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  1. ITV Report

Hillsborough police could face trial

1989 - fans on the pitch at Hillsborough Photo: David and John Giles/PA Wire

A large number of officers including a serving chief constable are being investigated over the Hillsborough disaster in what will be the biggest ever inquiry into police action.

Police watchdog the Independent Police Complaints Commission (IPCC) said serving and former officers would be investigated over what happened on the day of the tragedy in 1989 and during the alleged cover-up afterwards.

These include the current Chief Constable of West Yorkshire Police, Sir Norman Bettison, who has been accused of supplying misleading information after the disaster and trying to influence the local police authority when he was referred to the IPCC.

Today, Director of Public Prosecutions Keir Starmer said he would also look at whether any individual or corporate body should be charged over the football stadium disaster, which left 96 people dead.

The announcement was welcomed by relatives of the 96 victims as well as public figures in Liverpool.

Margaret Aspinall, who lost her 18-year-old son James in the tragedy, and is chairwoman of the Hillsborough Families Support Group, said: "Obviously they are going to look back at all the serving policemen on that day, and I think that is a great thing to do because there were so many involved as part of that cover-up."

A report by the Hillsborough Independent Panel published last month claimed that a shocking cover-up was staged in order to shift blame onto the 96 victims.

It alleged that 164 police statements were altered in the wake of the tragedy, 116 of them to remove or change negative comments about the policing of the match and the ensuing disaster.

Questions have also been raised over whether manslaughter charges should be brought over the deaths, which happened at a FA Cup semi-final at the Sheffield stadium between Liverpool and Nottingham Forest.

Chief Constable Michael Cunningham from the Association of Chief Police Officers pledged that the police service would co-operate fully with the investigations.

The deputy chairwoman of the IPCC, Deborah Glass, told reporters that "without a shadow of a doubt" the probe would be the biggest ever investigation carried out into police behaviour in the UK.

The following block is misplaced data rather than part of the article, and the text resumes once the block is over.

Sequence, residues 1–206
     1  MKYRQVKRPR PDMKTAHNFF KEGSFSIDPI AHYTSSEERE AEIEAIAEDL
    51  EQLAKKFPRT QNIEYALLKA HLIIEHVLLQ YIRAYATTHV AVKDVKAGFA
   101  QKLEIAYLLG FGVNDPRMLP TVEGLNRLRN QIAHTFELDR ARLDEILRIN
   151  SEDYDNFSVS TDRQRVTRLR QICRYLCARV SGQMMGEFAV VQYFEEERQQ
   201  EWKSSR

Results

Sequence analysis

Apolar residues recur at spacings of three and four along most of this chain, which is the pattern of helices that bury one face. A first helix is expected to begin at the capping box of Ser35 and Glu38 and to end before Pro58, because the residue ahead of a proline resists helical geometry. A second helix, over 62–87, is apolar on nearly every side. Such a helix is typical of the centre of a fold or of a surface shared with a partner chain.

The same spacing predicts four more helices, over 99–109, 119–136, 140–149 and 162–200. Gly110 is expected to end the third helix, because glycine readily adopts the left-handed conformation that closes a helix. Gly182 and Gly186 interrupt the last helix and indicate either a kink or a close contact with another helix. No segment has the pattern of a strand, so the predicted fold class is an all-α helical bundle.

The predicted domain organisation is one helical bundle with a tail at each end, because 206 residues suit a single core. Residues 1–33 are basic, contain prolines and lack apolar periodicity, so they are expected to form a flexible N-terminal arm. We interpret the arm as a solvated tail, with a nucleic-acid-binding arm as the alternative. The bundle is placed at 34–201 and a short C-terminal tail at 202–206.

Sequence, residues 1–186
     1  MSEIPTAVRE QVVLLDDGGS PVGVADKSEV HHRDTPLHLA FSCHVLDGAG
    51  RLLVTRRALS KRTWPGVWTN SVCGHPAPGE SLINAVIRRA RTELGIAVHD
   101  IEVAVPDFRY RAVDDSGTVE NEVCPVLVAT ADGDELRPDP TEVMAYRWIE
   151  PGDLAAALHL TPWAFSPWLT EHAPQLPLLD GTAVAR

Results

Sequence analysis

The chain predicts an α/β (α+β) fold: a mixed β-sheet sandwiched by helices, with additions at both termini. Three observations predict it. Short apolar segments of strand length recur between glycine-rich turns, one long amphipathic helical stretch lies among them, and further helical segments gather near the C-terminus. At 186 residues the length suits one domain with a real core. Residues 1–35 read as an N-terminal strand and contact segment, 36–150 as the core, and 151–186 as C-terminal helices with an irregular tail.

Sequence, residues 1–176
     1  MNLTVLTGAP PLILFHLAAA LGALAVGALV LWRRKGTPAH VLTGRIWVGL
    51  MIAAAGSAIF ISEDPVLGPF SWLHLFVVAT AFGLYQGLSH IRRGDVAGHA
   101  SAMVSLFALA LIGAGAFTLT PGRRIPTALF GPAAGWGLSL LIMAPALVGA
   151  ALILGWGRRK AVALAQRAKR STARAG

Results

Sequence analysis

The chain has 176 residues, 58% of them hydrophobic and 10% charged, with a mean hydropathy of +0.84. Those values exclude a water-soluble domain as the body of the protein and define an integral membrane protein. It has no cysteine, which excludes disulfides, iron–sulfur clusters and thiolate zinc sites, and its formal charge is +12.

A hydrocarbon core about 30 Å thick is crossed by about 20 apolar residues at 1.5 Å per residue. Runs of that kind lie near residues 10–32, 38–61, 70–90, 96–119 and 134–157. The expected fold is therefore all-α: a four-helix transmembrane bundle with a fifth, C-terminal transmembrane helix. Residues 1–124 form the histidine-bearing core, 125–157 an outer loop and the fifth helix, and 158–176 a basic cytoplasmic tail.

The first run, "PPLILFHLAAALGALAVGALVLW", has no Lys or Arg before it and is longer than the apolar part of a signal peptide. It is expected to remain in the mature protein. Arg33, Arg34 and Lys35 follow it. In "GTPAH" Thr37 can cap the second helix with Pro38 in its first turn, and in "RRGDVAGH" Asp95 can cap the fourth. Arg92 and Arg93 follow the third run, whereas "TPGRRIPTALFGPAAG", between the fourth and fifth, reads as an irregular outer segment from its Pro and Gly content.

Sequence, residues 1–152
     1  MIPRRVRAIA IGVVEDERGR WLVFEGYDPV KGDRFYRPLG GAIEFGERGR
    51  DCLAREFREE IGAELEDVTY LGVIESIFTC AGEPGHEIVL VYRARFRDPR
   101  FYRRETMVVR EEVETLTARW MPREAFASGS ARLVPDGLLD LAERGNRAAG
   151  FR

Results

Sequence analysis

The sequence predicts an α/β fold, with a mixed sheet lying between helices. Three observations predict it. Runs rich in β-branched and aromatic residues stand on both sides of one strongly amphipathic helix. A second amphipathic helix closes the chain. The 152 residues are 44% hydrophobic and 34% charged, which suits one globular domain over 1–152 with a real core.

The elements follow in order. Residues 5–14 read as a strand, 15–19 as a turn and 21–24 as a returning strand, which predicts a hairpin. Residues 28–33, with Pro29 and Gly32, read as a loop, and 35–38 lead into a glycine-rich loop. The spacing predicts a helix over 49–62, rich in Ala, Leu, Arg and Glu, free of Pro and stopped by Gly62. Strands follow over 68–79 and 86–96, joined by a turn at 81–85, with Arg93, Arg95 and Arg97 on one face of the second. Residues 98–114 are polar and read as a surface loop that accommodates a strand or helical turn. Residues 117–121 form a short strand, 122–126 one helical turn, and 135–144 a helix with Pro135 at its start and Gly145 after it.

"I think I can confidently say this will be the largest independent inquiry that has been launched into the actions of the police in the United Kingdom," she said.

Ms Glass went on: "The potential criminal and misconduct offences disclosed by the panel's report fall into two broad categories. They are the allegations that go to the heart of what happened at Hillsborough in April 1989, and individuals and institutions may be culpable for the deaths. And there are allegations about what happened after the disaster, that evidence was fabricated and misinformation was spread in an attempt to shift blame."

Allegations that statements were altered and that misleading information was passed to the media and MPs will be investigated and could lead to police misconduct and criminal charges, Ms Glass said.

Claims that officers questioned bereaved next-of-kin about their loved ones' alcohol consumption, carried out alcohol testing and checked the police national computer to find information about the dead and injured could also result in charges.

Both South Yorkshire Police, who dealt with the tragedy, and West Midlands Police, who investigated how South Yorkshire handled the disaster, will come under scrutiny.

South Yorkshire Police said they would continue to co-operate with the inquiry. A spokesman said: "The force will continue to co-operate fully with any judicial processes, as shown by the full co-operation with the Panel during the three-year disclosure process. Chief Constable David Crompton has already stated in a letter to family members that he will not oppose any application for a new inquest."

It is up to the Attorney General to apply to the High Court to have the existing verdicts of accidental death quashed and new inquests held.

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